I have a suspicion that I’m going to happy-cry my way through the first few days of this trip.  Yes, I know I’m anxious as all hell now, but once I get my butt on the airplane and fall asleep, I will actually be able to say that I can truly rest. It’s strange to think that walking for five weeks is “truly resting,” but this is my sort of freedom.  I look forward to days and days of being out in the sun, opposed to looking at it through an office window. And I look forward to a community of people that find little reason to fall into the trap of negativity–a great listen for my own brain.  All that matters on the Camino is safely getting from one place to the next while looking out for the people around you.

So much support!

As I mentioned in one of my past posts, I’ve had such a different reaction to my trip announcement this time around. In 2009, the Camino was not as well known and the world was simply in a different mindset. I said that I wanted to drop everything and disappear for a few weeks, and everyone assumed I was doing a drunken jaunt through Europe to be wild and crazy. I was also told that it was too dangerous for a young woman to take on. This time though–nothing but positive thoughts from everyone.  I’ve even received a whole bunch of phone calls and emails from people asking about how to plan their own trips.  The world may feel like shit right now on the whole, but I applaud everyone’s newly opened mind to the idea of personal and spiritual pilgrimages.  You don’t get a big golden award at the end or some giant recognition on the news.  You do it for you, and you go home.  The fact that something of this sort if gaining popularity is a good sign for society.


We’re at 61 days.  And counting.

Day 21: The Infamous Rome Story from Hell

For the final 30 days of my twenties, I am writing one personal narrative a day that has impacted my life until now.  To read more about my challenge, feel free to check out the first post.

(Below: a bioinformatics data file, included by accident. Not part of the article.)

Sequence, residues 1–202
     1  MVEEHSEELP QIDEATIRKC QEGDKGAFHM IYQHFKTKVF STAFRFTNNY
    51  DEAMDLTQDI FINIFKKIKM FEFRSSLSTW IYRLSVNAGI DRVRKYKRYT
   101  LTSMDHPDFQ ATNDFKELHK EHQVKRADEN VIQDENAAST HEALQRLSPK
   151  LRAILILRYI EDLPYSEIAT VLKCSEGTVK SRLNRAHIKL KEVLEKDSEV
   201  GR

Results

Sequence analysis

Also, this 30 Day challenge is also to support a wonderful charity, Zara Aina.  Please check out my fundraiser here and if you’re able, please consider throwing a few dollars toward this amazing cause.  It would mean the world!

This story does not have any related photographs…nor does it deserve any.  Good luck reading, friends.

Part 1: Murphy’s Law

If there is one thing I learned during my early years as a young traveler, it’s that listening to your body can make the difference between a disappointment and a complete disaster.  A week before traveling to Rome during my semester abroad, my body was telling me that something was wrong, and I did not listen.  Instead, I figured pushing through the impending flu-like symptoms was the smartest way to make them go away.  At 21, you think that one good night sleep and a good dose of ignoring the problem is all that it takes to carry on.

Three quarters of the way through my London semester, with one of our longer holiday breaks on the horizon, my friend Helen and I planned to head over to Rome for a few days, our second unguided trip of the semester (and our lives, really).  But that weary, woozy, heavy feeling began to hover as the trip approached.  In my head, the Ryan Air flight–which was probably only like 30 Euro–should not be wasted over a mere fever.  We were going to make this trip happen.